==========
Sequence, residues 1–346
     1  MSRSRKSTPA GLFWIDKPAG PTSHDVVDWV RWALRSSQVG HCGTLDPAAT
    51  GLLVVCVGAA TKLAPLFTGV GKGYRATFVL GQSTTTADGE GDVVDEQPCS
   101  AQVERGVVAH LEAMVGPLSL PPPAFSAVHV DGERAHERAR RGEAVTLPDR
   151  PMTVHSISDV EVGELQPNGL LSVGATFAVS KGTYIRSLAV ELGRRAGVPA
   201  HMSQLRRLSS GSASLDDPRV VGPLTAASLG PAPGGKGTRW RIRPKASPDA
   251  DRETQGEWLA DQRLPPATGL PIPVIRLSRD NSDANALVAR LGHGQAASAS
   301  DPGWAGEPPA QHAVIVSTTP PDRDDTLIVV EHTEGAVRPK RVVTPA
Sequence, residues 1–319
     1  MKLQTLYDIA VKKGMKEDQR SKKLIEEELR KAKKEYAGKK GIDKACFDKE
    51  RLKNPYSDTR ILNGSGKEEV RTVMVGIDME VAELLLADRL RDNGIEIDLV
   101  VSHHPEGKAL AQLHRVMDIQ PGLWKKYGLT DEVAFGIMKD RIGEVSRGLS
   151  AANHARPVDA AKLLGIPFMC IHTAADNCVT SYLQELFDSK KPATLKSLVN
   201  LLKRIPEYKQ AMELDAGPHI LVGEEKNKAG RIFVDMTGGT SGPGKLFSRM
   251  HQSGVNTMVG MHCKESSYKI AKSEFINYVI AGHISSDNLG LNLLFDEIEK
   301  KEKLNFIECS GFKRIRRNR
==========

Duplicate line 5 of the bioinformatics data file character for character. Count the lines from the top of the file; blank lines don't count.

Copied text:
   151  PMTVHSISDV EVGELQPNGL LSVGATFAVS KGTYIRSLAV ELGRRAGVPA